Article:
I agree that front page news about social workers successfully rescusing a child. And, as you say, it probably wouldn’t be desirable because of the concerns around the child’s anonymity and privacy. However, there are other ways of getting the message across – for example articles such as ‘a day in the life of a social worker’ focusing on the professional not the client, interviews with people in the public eye who have had positive interactions with social workers (such as Samantha Morton, who was in the papers this week, or John Suchet, who created a massive boost in inquires about Admiral nurses when he mentioned them in interviews about his wife’s dementia) or interviews with ordinary people who have had contact with social workers at an earlier time in their lives.
This type of coverage often appears in features in the newspapers or in women’s magazine, or on broadcast media.
And the wider media also has a role to play – TV drams and soaps do influence the way the public thinks about a profession.
So I think the key is recognising that the media is much bigger than the national newspapers and news.
As for the social work sector, in order to improve its coverage it needs to get better at managing press in a crisis and needs to take a more proactive approach to talking about its successes.
I agree with this.
From the outside looking in, it looks like a demoralised profession with an obsession with form-filling and procedure and which offers little by way of management support or structure for the footsoldiers who are responsible for making big calls. This is a failure of management therefore, I would be looking at reforming management and decision structures if I were in charge.
To Emma Maier: Excellent points about how to approach the message re social workers. This way, the public will not only understand the demands of the job and the tremendous commitment social workers make, but also they will learn about the positive consequences of their work. Most importantly, it will give a human touch to what is, essentially, the ultimate human story.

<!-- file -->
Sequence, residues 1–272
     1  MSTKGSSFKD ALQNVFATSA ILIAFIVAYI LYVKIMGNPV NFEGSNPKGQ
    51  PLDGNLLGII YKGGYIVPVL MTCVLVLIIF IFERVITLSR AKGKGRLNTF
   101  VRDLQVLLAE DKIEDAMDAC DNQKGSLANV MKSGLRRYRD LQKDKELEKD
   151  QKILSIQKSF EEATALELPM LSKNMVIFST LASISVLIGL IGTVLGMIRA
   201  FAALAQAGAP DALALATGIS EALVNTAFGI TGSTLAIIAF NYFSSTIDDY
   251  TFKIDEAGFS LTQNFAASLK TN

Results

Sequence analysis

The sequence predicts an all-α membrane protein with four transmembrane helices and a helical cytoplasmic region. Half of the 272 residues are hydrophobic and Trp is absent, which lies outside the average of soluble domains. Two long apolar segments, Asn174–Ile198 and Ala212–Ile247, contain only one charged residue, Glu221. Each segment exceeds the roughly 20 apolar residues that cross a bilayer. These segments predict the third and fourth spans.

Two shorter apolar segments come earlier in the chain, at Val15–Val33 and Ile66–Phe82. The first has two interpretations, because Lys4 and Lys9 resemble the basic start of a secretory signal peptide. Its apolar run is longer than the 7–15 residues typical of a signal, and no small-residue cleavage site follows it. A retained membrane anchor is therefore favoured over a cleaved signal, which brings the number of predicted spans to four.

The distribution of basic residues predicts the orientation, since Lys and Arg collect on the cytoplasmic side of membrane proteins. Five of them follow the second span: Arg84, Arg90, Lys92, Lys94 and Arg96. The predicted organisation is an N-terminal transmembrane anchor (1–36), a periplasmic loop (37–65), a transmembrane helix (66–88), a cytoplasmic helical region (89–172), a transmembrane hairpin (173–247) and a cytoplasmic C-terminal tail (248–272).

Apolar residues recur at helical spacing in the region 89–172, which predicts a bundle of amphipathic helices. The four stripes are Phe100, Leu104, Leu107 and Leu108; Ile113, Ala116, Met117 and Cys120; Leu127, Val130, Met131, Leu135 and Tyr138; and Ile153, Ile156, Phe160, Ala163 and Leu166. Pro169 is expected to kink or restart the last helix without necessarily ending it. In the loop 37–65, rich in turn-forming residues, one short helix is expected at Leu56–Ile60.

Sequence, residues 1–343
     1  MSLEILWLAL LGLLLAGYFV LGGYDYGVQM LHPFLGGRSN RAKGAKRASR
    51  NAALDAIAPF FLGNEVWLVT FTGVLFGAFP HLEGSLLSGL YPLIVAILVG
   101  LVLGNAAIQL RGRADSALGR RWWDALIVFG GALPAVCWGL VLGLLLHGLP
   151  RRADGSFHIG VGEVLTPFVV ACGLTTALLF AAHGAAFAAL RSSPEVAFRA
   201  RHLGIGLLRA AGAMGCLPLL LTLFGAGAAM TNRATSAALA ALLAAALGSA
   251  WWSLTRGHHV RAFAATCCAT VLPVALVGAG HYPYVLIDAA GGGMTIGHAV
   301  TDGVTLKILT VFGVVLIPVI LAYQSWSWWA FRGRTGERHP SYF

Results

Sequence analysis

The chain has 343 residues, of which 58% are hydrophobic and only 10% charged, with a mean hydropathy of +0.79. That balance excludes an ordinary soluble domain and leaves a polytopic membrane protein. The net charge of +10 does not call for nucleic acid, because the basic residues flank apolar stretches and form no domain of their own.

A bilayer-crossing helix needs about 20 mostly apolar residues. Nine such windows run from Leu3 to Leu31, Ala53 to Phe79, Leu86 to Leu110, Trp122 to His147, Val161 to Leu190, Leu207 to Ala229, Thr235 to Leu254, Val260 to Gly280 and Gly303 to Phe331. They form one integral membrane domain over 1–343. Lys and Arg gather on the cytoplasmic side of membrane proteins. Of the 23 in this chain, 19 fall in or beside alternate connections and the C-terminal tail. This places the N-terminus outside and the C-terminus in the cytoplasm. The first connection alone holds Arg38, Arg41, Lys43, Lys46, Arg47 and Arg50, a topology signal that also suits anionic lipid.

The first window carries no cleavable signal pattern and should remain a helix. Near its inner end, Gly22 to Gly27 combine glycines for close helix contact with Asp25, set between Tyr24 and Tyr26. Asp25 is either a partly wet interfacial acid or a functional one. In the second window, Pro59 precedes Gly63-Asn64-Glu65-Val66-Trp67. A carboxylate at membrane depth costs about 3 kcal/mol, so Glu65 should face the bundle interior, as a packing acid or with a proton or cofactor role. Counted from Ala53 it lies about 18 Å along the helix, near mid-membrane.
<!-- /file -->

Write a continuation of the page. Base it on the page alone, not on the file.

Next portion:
Are there any “social worker” blogs out there? Not sure. But from my experience, whenever my colleagues and I tried to raise the profile of certain types of students, we would encourage them to blog about what they were doing, i.e. volunteering for a soup-kitchen, interning with the government, monitoring elections in El Salvador etc. This could be an effective way for social workers to bypass the media monopoly on negative stories and get their message across.
Barnardos is a fake charity which suckles at the teat of the government, using taxpayers’ money to berate the taxpayer for not meeting their ideals.
I wouldn’t set much store by what they say.
As a journalist for more than 20 years who is now a social work student, I have a special interest in issues regarding social work and the media. I fully support Community Care’s campaign to raise the profile of the profession and agree with Emma Maier that, in order to do this, the profession needs to take some of the responsibility by getting better at managing the press in a crisis – “Friendly journalists have pointed out how unrealistic, ill-organised and incoherent social workers can be when faced with media enquiries” – Aldridge (1994)- written a few years ago, but seemingly still pertinent.
I will continue to watch, listen and learn as the debate and the campaign continues.
I certainly appreciate the sentiments expressed here. I’m a social worker although in a different field and I try and document my work on a daily basis through my blog (http://fightingmonsters.wordpress.com). Although I doubt what I write is of much interest except to other social workers, it is an attempt at a broader idea of what social work is. There is a massive divide between what the public and media perceptions of social work are and what is actually happening on a day to day basis in offices around the country.
All I can say is ten years after qualifying, I am still proud and passionate about my profession. I did not go into social work to be loved or even respected but to be ridiculed and mocked constantly does become tiring after a while – mostly because I fear for those potentially excellent social workers who will be put off training in this field because they believe the poorly informed journalists.
But back to the point – thanks for the support, Alastair!